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Behavioral priming paradigm needs update

PLOS

Behavioral priming, in which behavior is changed by introducing subconscious influences, is a well-established phenomenon, but a new study shows that the cause may be different than what was previously assumed, and that the experimenter's expectations are also crucial for the priming effect to be seen. The results are reported in the Jan. 18 issue of the online journal PLoS ONE.

The study, led by Stéphane Doyen of the University of Université libre de Bruxelles in Belgium, aimed to replicate a seminal behavioral priming study from 1996. In this original study, the authors tested whether subconsciously priming participants to think about age could make them walk more slowly. The participants thought they were volunteering for a word game, in which they had to figure out which word didn't belong, but the actual measure was how fast they left the lab.

The researchers found that when the words that didn't belong were related to being old, the participants walked more slowly after playing the game.

In the new study, however, the experimenters found that the priming effect was only seen when the experimenters' expectations of participant behavior were manipulated as well. The authors emphasize that these results are not simply the results of a self-fulfilling prophecy, but instead appear to reflect environmental cues, such as the experimenter's behavior, which act together with the initial priming from the word game to affect the participants' behavior.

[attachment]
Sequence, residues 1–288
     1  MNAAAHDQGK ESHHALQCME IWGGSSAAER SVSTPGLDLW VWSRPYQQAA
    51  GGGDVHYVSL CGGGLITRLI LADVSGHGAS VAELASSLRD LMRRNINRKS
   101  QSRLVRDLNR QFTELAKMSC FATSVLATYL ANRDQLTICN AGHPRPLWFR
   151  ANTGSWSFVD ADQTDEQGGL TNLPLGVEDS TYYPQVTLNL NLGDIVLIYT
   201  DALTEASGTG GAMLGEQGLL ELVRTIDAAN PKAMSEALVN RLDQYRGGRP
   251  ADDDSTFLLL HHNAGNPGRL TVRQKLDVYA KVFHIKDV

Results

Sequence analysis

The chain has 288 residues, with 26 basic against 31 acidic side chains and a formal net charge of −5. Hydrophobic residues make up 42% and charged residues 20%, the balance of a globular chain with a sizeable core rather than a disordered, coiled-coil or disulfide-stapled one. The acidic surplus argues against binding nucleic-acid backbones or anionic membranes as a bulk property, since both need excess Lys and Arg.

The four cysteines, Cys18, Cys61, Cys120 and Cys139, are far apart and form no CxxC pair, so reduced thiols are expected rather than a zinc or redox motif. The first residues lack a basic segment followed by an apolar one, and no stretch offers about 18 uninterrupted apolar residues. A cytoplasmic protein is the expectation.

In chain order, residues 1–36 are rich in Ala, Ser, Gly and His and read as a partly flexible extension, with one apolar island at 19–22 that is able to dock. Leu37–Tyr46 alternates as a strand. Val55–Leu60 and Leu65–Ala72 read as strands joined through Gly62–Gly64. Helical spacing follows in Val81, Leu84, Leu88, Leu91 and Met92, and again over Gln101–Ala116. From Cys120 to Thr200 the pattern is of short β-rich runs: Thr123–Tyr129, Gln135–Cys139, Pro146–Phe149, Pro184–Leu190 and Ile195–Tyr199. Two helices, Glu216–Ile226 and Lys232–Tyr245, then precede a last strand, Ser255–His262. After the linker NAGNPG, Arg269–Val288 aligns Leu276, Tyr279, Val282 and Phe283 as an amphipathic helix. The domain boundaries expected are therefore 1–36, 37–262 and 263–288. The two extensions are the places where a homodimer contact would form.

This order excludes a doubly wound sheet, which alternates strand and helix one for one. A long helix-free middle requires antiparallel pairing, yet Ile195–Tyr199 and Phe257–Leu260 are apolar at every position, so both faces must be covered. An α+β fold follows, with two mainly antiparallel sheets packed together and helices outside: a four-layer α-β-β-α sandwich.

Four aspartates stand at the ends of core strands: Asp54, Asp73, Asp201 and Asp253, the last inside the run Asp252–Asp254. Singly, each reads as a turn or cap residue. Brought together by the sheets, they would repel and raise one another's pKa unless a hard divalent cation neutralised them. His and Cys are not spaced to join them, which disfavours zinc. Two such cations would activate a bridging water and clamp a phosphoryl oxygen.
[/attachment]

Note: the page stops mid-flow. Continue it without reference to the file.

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Citation: Doyen S, Klein O, Pichon C-L, Cleeremans A (2012) Behavioral Priming: It's all in the Mind, but hose Mind? PLoS ONE 7(1): e29081. doi:10.1371/journal.pone.0029081

Financial Disclosure: This work was supported by the Wienner-Anspach Fondation, the National Fund for Scientific Research (F.N.R.S. - F. R.S.) (Belgium), and by an institutional grant from the Universite´ Libre de Bruxelles to Axel Cleeremans by Concerted Research Action 06/11-342 titled ''Culturally Modified Or- ganisms: What It Means to Be Human in the Age of Culture,'' financed by the Ministe`re de la Communaute´ Franc¸aise - Direction Ge´ne´ rale l'Enseignement non obligatoire et de la Recherche scientifique (Belgium). The funders had no role in study design, data collection and analysis, decision to publish, or preparation of the manuscript.

Competing Interest Statement: I have read the journal's policy and have the following conflicts: Behavioral priming has always been a controversial topic in social cognition. This paper highlights a more nuanced view of this topic, especially about its non-conscious nature, that might not please those in favor of a strict perspective. This does not alter our adherence to all the PLoS ONE policies on sharing data and materials.

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